Lossy nearﬁeld impulse response for a rectangular piston of half-width
a = 2.5 mm and half-height b = 10 mm evaluated in lossy media for 7
= 0.001, 0.0001, and 0.00001 ps. The impulse response is evaluated at
a)z=100mmandb) z=200mm ....................
Point spread function for a focused, 64-element linear array with half-
width a = 0.3 mm, half-height b = 2.4 mm, kerf of 0.15 mm, focused
on—axis at 80 mm. The point-spread function is measured in the focal
plane at 241 lateral locations in a) lossless media and b) viscous media
with 7 = 0.0001 us .............................
Normalized pulse echo envelope for a focused, 64-element linear array
with half-width a = 0.3 mm, half-height b = 2.4 mm, kerf of 0.15 mm,
focused on-axis at 80 mm. The point-spread function is calculated at
the focal point in lossless media and viscous media with three different
relaxation times. .............................
48
49
50
51
51
52
3.11
3.12
3.13
3.14
4.1
4.2
4.3
4.4
A spherical shell with radius a and radius of curvature R, surrounded
by an inﬁnite rigid baffle. The origin is located at the geometric focus
of the shell, the radial coordinate denoted by 7‘ = V :32 + y2, and the
axial coordinate is indicated by z .....................
Lossy impulse response generated by a bafﬂed spherical shell with ra-
dius a = 10 mm and radius of curvature R = 70 mm in a viscous
medium with viscous relaxation time 7 = 0.001 as. Eq. (3.35) is
evaluated on an 80 by 80 grid at times a) t = 38 ps and b) t = 46 ps.
Velocity potential generated by a spherical shell with radius a = 8 mm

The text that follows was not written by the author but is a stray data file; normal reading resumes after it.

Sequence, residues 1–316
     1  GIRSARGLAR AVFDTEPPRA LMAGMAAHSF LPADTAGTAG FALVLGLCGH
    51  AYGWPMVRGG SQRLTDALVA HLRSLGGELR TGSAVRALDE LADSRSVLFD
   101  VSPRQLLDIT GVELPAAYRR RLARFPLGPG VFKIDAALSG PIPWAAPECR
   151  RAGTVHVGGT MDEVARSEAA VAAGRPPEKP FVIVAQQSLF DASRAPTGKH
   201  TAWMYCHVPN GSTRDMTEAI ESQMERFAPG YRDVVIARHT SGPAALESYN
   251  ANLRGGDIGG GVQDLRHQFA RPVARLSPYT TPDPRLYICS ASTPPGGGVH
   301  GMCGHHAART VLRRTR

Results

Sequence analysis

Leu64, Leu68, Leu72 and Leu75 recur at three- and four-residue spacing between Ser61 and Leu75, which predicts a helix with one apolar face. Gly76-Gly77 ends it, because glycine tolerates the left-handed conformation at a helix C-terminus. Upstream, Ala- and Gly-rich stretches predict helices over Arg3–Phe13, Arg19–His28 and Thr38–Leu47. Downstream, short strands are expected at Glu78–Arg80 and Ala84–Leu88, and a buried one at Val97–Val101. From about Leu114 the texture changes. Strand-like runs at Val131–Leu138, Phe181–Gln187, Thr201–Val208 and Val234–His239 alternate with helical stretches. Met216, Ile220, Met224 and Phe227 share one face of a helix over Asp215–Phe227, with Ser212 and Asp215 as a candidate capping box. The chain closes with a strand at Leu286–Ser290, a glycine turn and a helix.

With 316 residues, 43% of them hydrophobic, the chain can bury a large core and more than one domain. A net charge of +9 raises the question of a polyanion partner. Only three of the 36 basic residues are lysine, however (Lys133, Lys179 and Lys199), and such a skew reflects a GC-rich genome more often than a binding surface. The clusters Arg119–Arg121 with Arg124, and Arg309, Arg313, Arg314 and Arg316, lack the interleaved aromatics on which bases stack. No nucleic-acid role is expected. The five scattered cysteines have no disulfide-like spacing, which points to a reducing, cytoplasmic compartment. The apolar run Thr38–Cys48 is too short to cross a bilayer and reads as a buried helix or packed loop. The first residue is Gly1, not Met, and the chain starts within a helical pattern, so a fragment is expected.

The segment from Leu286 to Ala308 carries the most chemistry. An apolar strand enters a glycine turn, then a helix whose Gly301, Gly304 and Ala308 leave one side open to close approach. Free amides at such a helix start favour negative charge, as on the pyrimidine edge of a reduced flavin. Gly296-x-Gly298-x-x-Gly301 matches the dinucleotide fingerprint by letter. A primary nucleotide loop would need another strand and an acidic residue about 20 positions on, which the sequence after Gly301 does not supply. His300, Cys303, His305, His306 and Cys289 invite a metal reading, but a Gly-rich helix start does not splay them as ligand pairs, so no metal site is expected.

and radius of curvature R = 50 mm in a lossless, water-like medium,
and a lossy, liver-like medium. Velocity potentials are displayed on
axisata) z=—20mmandb)z=0mm. ...............
Velocity potential generated by a spherical shell with radius a = 8 mm
and radius of curvature R = 50 mm in a lossless, water-like medium,
and a lossy, liver-like medium. Velocity potentials are displayed off-axis
atz=0mmanda):r=4mmandb):v=8mm. ...........
Plots of stable PDFs fy(t) for four sub-linear attenuation cases: y =
1/3, 1/2, 2/3, and 9/10. Eqns. (4.44) are evaluated for y = 1/3,
1/2, and 2/ 3, while the y = 9/10 case is evaluated with the STABLE
toolbox [3]. ................................
Plots of stable PDFs fy(t) for four super-linear attenuation cases: 3; =
11/10, 3/2, 19/10, and 2. Eqns. (4.50) are evaluated for y = 3/2 and 2,
while the y = 11/10 and 19/ 10 cases are evaluated with the STABLE
toolbox [3]. ................................
Comparison of the 3D Green’s function using a) the MIRF approach